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Town Council - By-law in place to regulate fences

posted Aug 15, 2016, 11:08 AM by Kathy Carr
Did you know that the Town of Carberry has a by-law which regulates fences? It seems that many people (contractors included) are unaware of this fact. Carberry Town Council met on Tuesday, August 9, with Mayor Stuart Olmstead chairing and all council present.
Development Officer, McEntee was also present. 
According to the by-law, front yard fences are to be no higher than 3.5 feet, and rear fences, six feet. This applies, not only to fences, but also to hedges or even trees planted close enough together that they form a fence.
There have been some issues with fences, and it appears that ignorance of the regulations is playing a role. Council intends to rectify this by sending a letter to all known contractors advising them of the by-law. They also will have the notice posted at the lumber yard and hardware store.
However, Council and CAO Jones felt that the policy needed an update regarding fencing, which may include such things as design, materials and corners. There was even discussion as to whether fence building would require a permit. This will be deferred to another meeting.
Building proposals
Vadim Liubkin and Daniel Rutz attended a hearing in regards to locating a duplex on 21 Toronto St. Plans were brought which showed two 848 sq. ft. two bedroom units, back to back, on a 50 ‘x117’ lot.
The building would require some variations: to reduce the required width of the property from 55 to 50’, the setback front and back from 30 to 28.5’ and to reduce the building envelope in the property from 44% to 41%.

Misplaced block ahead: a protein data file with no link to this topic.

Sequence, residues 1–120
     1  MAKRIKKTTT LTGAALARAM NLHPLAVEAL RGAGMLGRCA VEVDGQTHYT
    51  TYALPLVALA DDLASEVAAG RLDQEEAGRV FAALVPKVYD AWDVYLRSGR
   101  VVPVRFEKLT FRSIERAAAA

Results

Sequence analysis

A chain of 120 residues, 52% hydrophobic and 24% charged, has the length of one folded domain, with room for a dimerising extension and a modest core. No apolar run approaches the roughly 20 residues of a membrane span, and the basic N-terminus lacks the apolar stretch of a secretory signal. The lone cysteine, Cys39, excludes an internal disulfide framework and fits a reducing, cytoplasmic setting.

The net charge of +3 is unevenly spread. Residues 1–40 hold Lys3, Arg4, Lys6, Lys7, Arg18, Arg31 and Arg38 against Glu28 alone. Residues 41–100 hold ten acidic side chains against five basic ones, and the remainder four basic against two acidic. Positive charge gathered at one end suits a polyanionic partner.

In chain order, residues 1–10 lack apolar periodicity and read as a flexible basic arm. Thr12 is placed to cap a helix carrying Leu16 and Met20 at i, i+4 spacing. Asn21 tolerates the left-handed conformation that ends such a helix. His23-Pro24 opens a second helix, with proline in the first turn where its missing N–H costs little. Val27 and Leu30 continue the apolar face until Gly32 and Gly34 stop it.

Council had questions about the driveways – one onto Toronto St. and one onto the back lane, but also the five foot setback from the back lane, which seems ‘tight’. CAO Jones noted that the back lane is very busy, with many businesses using it, including municipal office staff.
There were no objections from the neighbouring properties. Council decided to allow the variations and the building will proceed.
Steve McMillan of VBJ Developments and Adam Mahaney came in regards to the former Pentencostal Church building (south of the Post Office). Mr. Mahaney purchased the building and realizes there is demand for rental units in the town.  Several options and ideas were discussed, as well as the importance of keeping the heritage aspect of Main Street intact for any new project that may come to fruition.  Consideration was also brought forward concerning retail versus residential for the downtown core.  After discussion with the owner and developer and amongst themselves, Council gave McEntee a list of requirements that would have to be met, and asked for a conceptual plan prior to any further discussions.
Other business
Resolutions were passed from the July joint meeting: Authorization of attendance at the Foundation of Effective Communication AMM workshop in October; attendance at the AMM Convention in November; a grant of $600 to the Heritage Festival Committee, shared 50/50.